Mercury Records signed the New York Dolls and it seemed inevitable that Todd would produce the first record. I remember the night well when they performed a showcase for him at a rehearsal studio so he could hear the songs and see if he got a vibe. I was ecstatic and thought they were super ON- playing solid. Todd laughed a lot, finding their lyrics funny and clever. He wasn’t sure he was going to do it, but eventually he caved, and the rest is history.
The Dolls were more my buddies than his. When he was on the road, I even let David and Cyrinda stay on the sofa at Todd’s East 13th Street apartment when they were in between places to live. It was great having them there because Cyrinda cleaned the bathroom full-on, prison-duty style! She made the tub so white, it was blinding, hahaha!
Bowie adored them! He had a very different reaction to their sound and delivery than Todd did. He loved the “trashy” aspect of their essence and was enchanted with “the Raven boy”, as he called Johnny Thunders.
In April 1973, Todd began work on the Dolls’ debut album and it was a chaotic and crazy scene in the recording studio. It wasn’t the kind of environment he was used to. He often became frustrated and impatient with the antics of the “kids” he was TRYING to make an album with. But really, they were all kids because Todd was only 24 years old himself. His goal was to capture their live magic. Jack Douglas was the engineer on the project and was pretty much the middle-man between Rundgren and the band because Todd didn’t really talk to the guys that much. He was deep into his role.
In a recent Bob Lefsetz podcast, Douglas recounts the entire experience. At one point, Todd told the band to “take the glitter out of their asses and play!” He was very much the commander in chief, but it was still a challenge for someone who is as much of a perfectionist as Rundgren. He was the “musician” and the band was the “attitude,” so he tried to direct things as any good leader would.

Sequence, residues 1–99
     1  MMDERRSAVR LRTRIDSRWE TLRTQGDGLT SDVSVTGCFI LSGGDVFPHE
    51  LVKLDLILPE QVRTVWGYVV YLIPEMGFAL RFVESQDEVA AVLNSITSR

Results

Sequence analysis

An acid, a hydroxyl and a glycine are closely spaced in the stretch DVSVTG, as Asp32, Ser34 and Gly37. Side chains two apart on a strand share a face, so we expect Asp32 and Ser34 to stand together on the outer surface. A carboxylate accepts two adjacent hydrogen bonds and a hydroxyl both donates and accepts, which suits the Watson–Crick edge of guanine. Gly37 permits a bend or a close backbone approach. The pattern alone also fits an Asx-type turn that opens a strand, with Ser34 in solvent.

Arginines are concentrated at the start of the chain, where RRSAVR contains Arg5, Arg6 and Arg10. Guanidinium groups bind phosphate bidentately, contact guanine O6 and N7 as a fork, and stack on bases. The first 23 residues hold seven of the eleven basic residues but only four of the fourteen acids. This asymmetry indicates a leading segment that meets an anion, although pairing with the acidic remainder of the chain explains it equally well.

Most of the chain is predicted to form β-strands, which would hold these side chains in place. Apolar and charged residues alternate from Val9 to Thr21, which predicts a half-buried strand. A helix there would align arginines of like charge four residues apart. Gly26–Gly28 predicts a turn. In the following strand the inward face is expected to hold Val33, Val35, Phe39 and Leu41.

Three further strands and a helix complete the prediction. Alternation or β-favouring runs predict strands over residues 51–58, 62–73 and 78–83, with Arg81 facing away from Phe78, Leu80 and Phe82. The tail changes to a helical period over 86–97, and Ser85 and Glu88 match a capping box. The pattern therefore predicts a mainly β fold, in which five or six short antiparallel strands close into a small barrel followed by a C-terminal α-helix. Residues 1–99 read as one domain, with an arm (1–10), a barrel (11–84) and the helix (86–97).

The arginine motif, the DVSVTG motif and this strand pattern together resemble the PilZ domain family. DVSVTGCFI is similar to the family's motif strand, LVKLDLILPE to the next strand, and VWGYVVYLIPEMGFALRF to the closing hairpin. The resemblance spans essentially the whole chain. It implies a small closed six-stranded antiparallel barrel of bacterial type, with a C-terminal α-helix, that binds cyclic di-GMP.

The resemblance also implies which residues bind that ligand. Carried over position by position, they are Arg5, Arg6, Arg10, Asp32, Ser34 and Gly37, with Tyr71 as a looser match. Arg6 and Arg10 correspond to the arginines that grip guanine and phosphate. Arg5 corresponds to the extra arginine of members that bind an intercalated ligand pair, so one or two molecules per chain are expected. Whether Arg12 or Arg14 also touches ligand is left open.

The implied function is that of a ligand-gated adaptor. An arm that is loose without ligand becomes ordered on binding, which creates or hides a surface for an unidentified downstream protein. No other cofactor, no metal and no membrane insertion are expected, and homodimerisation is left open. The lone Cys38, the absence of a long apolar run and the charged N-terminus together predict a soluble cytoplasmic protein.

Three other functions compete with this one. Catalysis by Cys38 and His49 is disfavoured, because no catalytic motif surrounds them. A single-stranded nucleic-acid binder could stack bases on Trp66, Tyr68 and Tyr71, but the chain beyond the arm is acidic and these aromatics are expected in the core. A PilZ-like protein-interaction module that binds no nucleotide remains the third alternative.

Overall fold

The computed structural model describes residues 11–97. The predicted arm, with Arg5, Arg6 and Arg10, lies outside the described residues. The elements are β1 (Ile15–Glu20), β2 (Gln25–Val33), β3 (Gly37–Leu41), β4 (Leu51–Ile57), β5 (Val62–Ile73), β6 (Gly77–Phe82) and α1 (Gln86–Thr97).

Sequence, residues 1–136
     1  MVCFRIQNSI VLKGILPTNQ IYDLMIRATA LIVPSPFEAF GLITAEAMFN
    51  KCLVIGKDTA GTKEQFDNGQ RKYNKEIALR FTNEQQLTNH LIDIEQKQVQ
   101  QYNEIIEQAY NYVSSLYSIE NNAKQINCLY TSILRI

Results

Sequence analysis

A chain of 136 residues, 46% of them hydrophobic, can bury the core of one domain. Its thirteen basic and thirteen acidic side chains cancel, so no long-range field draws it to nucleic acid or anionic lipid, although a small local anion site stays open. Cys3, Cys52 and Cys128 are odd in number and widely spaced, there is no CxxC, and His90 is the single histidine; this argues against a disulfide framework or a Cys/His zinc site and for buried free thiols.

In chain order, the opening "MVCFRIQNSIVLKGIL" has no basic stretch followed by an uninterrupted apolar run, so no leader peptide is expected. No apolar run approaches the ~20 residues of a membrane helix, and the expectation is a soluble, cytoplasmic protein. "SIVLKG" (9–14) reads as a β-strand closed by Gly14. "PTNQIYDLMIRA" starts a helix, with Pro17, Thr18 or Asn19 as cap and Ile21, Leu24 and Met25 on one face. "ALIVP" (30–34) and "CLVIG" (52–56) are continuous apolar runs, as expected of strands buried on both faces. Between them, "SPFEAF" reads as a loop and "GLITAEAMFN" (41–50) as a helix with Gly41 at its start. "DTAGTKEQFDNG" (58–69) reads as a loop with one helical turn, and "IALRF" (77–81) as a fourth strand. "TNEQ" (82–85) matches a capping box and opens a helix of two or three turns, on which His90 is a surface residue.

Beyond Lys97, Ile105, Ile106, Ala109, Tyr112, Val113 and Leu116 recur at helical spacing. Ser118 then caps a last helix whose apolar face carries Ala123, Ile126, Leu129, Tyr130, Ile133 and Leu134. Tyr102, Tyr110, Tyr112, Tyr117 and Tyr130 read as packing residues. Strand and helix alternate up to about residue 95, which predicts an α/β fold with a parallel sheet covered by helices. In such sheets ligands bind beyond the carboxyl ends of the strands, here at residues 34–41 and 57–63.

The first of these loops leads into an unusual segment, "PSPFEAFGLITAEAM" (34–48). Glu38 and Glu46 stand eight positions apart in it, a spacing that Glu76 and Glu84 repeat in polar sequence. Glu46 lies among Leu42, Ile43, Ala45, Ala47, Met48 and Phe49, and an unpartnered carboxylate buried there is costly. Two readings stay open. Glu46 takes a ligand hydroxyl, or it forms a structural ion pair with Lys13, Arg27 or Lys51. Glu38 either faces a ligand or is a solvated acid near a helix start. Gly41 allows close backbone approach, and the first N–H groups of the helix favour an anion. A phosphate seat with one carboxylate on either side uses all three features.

In my opinion, the Dolls’ debut album is a great record. They mixed it in one day and there was a lot of interference during the process. However, in the end, I feel Todd did his job. It still stands as one of the greatest debut albums in rock music lore.
I was becoming good friends with Alice Cooper’s girlfriend at the time, Cindy Lang. The four of us hung out a lot and she and I would often go to Max’s and other haunts in the City while the guys were busy touring. As a matter of fact, when I first started seeing Todd, he flew me down to Florida where he was opening for Alice Cooper. They were tight. We stayed at the Playboy Plaza Hotel, which was a bit of a foreshadowing for me as I became a Playboy Playmate, Miss November 1974, two years later! Todd stayed there again when he produced the Grand Funk Railroad album, We’re An American Band, and I joined him again in the place that held the namesake of yet another glimpse of my destiny.
Alice didn’t know it, but Cindy had started an affair with Johnny Thunders. That’s when I really got to know him well. We would smoke a joint and talk for eons! I wondered if Cindy just liked the sex because she wasn’t very interested in chatting. She did, however, gift Johnny with some of her wardrobe and bought him some very expensive boots. We assumed it was with Alice’s money because Cindy didn’t work a regular job. Not many of us did in those days. We were “artists” and free spirits.
Cindy did a few modeling gigs and was known as a style icon. She was very chic but, really, she was often just bored. Bored and at that time in her life, she liked bad drugs—the scary kind that kill people. I know because she one time told me to snort a white powder that I thought was coke and it turned out to be elephant tranquilizer. I could have died. I stopped talking to her as much after that.
I sensed Cindy and her close sidekick were dangerous and if I kept hanging out with them, I might not survive. Her friend gave that same drug to Iggy Pop one time right before an important show in Washington D.C. and it was impossible for him to perform. You can imagine, if it had that effect on Iggy Pop, how powerful that stuff was! I felt horrible because Cindy had taken the train with me from New York for the DC show. I always felt responsible for her being there but later found out someone else had invited her. Still, I’ve carried the weight of that for years.